Already a subscriber? - Login here
Not yet a subscriber? - Subscribe here

Browse by:



Displaying: 1-10 of 15 documents


1. Philotheos: Volume > 18 > Issue: 2
Wolfgang Speyer Zur Vorstellung der Seele. Antikes und Christliches
view |  rights & permissions | cited by
2. Philotheos: Volume > 18 > Issue: 2
Milan Kostrešević Religiose Vielfalt und soziale Dimension der Bekehrung im hellenistischen Judentum der fruhen Kaiserzeit: Philo von Alexandrien und Flavius Josephus
view |  rights & permissions | cited by
3. Philotheos: Volume > 18 > Issue: 2
Marko Vučković Reason’s Reasons: First Principles in the Second-Century Pagan Apologetic
view |  rights & permissions | cited by
4. Philotheos: Volume > 18 > Issue: 2
Marina Stojanović Origen on the Relation between the Concepts Fides and Ratio
view |  rights & permissions | cited by
5. Philotheos: Volume > 18 > Issue: 2
Vladan Tatalović Why do Contexts Matter?: The Parable of the Good Samaritan (Lk 10, 27-35) as an Example
abstract | view |  rights & permissions | cited by
The presented study uses the Lukan parable of the Good Samaritan (10, 27-35) in order to present the shifts in the meaning depending on the reading contexts. After the basic structure of the original meaning is established, the pragmatic nuances of the parable are illustrated. The research subsequently throws light on the paradigmatic interpretations in both the medieval and the contemporary contexts. It concludes by exemplifying that the polyvalence of meaning is not only dependent upon the genuine literary structure of the parable, but also on the innate ability of the Christian organism (Church) to actualize certain features of the sacred text in the concrete life-settings.
6. Philotheos: Volume > 18 > Issue: 2
Nalin Ranasinghe Hobbes, Augustine, Voegelin and the Tradition
abstract | view |  rights & permissions | cited by
Christianity today is deeply conflicted and torn apart by conflicts that originated in the Post-Nicene era through Augustine, but were resurrected by Luther, and fully realized in Post-Reformation times by Hobbes. While Hobbes is the evil genius posthumously presiding over the post 9/11 world, he merely exploited flaws in Christian anthropology and political theory originating in Augustine’s City of God. While freedom to Hobbes ultimately means nothing more than the mad dream of escaping from the Dionysian furies that haunt reason and bubble under the Western tradition, he artfully uses scripture, particularly the Old Testament, to justify his evil project of destroying the city, denying the soul and dealing a death blow to Jesus’ gospel. In this, Hobbes but follows in Augustine’s steps. It was the so-called Doctor of Grace who moved the West towards cynical political theology and corrupt clericalism. By his novel doctrine of original sin and belief that civic life could never be better than punishment for unrequited human depravity, Augustine justifies war, rationalizes slavery and valorizes ecclesiastical and political tyranny. Rather than trying to support communities that follow the loving spirit of the Gospel, his priority is to defend dire dogma and uphold centralizing Roman hegemony. As a result, Africa was lost to Islam and fascism would get theological support for its murderous mandates. I turn to Eric Voegelin for a less linear and non-dogmatic account of how the tradition can be understood. Voegelin’s closely argued insights into the order of reality and meaning of history may be the means by which the tradition can be saved. His philosophy of consciousness is the best response to the perennial desire to unite the Hobbesian militant state with a Manichean City of God. He protects Christianity from the constant Satanic temptation to turn the spirit of the Gospel into a literal law that condemns and kills.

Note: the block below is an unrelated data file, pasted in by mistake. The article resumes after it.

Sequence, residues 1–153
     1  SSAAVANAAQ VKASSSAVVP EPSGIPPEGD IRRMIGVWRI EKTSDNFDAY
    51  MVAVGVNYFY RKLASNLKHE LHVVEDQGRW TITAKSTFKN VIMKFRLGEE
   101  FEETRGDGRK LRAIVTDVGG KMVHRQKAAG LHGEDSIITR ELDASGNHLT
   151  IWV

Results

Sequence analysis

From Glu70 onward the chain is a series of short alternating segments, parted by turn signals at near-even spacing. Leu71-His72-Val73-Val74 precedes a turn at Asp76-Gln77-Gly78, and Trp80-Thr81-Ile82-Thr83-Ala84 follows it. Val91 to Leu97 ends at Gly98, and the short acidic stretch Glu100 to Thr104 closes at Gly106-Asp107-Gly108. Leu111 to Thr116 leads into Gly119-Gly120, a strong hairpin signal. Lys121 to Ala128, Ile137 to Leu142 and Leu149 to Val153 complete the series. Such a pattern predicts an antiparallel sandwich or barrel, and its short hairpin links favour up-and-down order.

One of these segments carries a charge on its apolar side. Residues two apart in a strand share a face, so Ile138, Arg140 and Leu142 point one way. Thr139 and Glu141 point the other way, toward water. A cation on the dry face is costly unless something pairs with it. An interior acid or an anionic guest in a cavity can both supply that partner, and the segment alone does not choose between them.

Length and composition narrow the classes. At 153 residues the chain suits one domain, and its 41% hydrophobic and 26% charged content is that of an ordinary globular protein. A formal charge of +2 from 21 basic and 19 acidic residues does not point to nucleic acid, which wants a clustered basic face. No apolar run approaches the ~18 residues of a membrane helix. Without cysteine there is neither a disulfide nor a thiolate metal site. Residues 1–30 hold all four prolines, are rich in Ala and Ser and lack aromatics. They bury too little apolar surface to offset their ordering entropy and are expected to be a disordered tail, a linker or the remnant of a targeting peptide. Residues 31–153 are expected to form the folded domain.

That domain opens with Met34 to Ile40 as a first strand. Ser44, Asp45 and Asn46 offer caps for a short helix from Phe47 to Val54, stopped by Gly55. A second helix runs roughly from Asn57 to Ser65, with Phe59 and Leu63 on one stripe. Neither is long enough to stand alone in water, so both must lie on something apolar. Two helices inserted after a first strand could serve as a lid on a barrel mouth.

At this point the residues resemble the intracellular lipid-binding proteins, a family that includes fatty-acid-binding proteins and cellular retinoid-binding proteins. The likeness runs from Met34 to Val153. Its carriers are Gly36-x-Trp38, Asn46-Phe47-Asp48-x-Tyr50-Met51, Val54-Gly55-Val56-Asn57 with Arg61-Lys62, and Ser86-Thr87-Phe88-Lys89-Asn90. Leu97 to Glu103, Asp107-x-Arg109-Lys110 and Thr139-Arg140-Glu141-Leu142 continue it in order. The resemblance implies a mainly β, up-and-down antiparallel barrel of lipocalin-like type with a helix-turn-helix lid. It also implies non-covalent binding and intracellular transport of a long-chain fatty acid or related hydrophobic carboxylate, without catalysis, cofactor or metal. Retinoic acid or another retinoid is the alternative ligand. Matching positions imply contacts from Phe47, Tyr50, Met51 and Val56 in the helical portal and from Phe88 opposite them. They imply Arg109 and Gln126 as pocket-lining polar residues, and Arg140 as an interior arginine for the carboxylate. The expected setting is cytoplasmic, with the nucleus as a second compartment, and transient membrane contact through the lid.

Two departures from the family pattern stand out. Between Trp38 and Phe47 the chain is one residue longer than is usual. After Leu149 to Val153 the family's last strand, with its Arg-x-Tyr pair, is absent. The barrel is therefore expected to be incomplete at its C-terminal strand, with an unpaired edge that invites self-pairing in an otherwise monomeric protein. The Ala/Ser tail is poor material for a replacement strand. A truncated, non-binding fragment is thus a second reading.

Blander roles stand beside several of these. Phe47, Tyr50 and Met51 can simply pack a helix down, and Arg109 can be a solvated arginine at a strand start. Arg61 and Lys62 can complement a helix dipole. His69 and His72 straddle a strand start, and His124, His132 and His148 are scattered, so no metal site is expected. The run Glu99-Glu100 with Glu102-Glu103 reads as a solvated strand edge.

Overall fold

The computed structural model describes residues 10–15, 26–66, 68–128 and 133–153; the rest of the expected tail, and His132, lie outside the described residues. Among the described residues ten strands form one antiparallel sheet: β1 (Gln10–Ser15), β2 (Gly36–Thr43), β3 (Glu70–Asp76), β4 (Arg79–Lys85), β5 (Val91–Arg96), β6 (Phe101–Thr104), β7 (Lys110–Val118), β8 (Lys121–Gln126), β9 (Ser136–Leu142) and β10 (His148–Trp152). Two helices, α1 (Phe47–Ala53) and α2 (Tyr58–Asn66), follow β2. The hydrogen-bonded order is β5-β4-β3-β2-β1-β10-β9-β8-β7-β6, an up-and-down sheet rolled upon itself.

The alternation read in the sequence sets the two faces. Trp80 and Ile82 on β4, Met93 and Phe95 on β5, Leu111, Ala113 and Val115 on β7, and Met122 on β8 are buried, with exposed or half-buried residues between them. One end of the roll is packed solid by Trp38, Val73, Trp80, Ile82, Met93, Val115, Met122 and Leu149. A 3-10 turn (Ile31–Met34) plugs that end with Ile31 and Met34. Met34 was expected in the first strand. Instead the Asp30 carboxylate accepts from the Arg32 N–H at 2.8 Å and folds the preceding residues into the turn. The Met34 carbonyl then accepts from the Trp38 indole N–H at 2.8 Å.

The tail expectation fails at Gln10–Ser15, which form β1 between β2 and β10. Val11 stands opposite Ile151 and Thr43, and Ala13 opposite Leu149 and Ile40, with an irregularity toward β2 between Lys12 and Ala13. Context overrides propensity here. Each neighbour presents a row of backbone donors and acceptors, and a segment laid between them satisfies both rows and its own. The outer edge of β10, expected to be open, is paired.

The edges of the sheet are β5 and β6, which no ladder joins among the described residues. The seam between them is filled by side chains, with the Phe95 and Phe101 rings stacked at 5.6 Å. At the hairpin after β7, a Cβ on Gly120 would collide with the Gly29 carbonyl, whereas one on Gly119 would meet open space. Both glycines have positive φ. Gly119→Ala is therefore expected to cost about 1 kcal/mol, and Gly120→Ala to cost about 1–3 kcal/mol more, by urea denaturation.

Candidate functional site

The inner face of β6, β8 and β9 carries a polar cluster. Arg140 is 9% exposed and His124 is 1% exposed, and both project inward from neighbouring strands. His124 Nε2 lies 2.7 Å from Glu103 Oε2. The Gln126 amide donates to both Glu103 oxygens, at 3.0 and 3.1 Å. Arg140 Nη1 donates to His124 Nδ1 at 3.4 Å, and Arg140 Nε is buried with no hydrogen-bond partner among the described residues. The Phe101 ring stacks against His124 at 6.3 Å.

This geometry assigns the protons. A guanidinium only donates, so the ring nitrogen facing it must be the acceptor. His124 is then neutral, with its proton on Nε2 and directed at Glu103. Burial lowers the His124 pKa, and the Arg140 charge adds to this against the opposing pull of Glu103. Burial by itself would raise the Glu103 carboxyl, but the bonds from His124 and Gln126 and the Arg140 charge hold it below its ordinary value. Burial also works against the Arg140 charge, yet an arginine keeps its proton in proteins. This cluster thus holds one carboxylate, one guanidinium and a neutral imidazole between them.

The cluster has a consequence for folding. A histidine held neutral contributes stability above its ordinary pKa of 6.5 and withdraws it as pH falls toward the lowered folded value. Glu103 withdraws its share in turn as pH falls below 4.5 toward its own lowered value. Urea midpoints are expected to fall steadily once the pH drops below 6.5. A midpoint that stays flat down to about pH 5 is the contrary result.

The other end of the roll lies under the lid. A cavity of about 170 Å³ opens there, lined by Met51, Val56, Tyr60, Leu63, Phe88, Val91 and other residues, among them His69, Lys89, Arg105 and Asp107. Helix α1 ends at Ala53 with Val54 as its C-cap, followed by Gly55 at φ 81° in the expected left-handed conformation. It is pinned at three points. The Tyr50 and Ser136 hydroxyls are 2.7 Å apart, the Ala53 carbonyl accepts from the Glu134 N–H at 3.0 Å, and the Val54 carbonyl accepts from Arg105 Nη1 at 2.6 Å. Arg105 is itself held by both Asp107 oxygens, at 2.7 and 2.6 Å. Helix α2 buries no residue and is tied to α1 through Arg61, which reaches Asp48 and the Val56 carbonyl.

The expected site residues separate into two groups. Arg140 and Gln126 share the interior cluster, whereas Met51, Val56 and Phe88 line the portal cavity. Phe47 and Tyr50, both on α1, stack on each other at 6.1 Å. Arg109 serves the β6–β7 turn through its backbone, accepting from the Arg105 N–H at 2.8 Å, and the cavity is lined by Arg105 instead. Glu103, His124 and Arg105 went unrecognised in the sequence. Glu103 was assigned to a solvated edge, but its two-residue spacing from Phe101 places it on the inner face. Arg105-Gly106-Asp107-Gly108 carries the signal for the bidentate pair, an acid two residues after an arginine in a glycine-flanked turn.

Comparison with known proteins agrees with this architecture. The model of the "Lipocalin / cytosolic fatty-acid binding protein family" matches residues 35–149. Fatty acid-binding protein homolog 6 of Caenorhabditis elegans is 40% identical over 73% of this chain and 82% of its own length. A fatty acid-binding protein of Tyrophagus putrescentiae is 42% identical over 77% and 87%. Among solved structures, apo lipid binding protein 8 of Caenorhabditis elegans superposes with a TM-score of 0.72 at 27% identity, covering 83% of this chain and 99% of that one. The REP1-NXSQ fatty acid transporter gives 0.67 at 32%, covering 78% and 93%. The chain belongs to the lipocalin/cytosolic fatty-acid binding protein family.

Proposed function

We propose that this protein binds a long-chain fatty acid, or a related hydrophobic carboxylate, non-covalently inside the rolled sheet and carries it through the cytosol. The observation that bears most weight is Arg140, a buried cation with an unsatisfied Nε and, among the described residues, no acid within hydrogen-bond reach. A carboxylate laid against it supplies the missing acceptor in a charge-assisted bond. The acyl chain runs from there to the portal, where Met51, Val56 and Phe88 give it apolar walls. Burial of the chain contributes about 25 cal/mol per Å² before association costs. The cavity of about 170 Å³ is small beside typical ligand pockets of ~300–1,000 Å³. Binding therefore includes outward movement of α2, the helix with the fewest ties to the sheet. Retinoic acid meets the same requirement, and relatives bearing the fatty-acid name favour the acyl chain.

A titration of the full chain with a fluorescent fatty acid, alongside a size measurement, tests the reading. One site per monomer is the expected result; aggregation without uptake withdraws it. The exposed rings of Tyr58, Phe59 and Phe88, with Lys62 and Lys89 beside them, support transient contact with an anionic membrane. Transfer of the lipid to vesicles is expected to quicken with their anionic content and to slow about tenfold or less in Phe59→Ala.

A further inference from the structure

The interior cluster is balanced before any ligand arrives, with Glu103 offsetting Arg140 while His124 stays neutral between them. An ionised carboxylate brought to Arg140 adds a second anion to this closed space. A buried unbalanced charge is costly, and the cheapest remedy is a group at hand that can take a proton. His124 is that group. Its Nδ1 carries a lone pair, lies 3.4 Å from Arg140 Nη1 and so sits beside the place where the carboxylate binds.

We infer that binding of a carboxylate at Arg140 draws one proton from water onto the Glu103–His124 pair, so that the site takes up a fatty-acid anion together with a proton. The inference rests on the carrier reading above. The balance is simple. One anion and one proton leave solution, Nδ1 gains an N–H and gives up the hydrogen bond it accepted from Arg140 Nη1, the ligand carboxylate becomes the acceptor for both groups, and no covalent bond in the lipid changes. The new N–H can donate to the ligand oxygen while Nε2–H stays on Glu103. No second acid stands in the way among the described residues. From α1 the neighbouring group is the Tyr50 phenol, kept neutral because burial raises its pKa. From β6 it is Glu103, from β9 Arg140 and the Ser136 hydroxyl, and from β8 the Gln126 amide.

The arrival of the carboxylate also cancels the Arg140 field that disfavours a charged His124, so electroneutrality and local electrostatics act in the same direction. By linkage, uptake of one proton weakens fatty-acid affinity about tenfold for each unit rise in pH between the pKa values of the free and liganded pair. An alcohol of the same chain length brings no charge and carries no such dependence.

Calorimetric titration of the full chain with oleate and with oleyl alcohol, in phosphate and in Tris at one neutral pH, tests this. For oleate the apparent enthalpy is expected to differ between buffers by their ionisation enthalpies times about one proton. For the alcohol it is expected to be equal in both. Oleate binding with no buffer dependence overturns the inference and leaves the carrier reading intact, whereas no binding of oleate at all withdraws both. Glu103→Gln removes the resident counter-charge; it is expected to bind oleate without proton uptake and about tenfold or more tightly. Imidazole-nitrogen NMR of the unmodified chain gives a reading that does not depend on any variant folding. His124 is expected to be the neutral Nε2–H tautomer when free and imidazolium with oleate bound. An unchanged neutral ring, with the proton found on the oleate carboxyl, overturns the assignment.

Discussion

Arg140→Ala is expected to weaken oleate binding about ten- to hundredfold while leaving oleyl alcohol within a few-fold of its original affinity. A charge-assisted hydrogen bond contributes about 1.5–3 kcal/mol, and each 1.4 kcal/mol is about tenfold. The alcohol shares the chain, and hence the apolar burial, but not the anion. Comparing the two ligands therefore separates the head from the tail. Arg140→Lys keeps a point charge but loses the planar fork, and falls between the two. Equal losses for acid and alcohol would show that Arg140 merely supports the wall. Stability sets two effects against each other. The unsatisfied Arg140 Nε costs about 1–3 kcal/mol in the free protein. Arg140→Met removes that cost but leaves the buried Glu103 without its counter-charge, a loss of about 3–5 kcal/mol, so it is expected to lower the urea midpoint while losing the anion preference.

7. Philotheos: Volume > 18 > Issue: 2
Walter Sparn „Luther, du! – Groser, verkannter Mann!“: Lessing vieldeutiges Interesse an Martin Luther
view |  rights & permissions | cited by
8. Philotheos: Volume > 18 > Issue: 2
Благое Пантелич Достоевский на духовном пути Сергея Н. Булгакова
view |  rights & permissions | cited by
9. Philotheos: Volume > 18 > Issue: 2
Christoph Jamme Liebe im Paramythos: Zu Rilkes Gestaltung des Orpheus-Mythos
view |  rights & permissions | cited by
10. Philotheos: Volume > 18 > Issue: 2
Marko Grubačić Visions of Heaven and Hell in Byzantine and Japanese (Buddhist) Тradition
abstract | view |  rights & permissions | cited by
This paper deals with the issue of how the images of heaven and hell are presented in Byzantine and in Japanese Buddhist art. Given the differences and similarities between the languages of art, canons and civilizational codes, we will primarily consider form, style and thematic-motific connection – but only to the extent to which such comparisons can be considered as possible and methodologically correct: as the most attractive sign of the feeling of life, which dramatically warns, invokes, redeems or conceives the tragedy of historical experience, but also as a sign of the state of mind and consciousness of different social communities.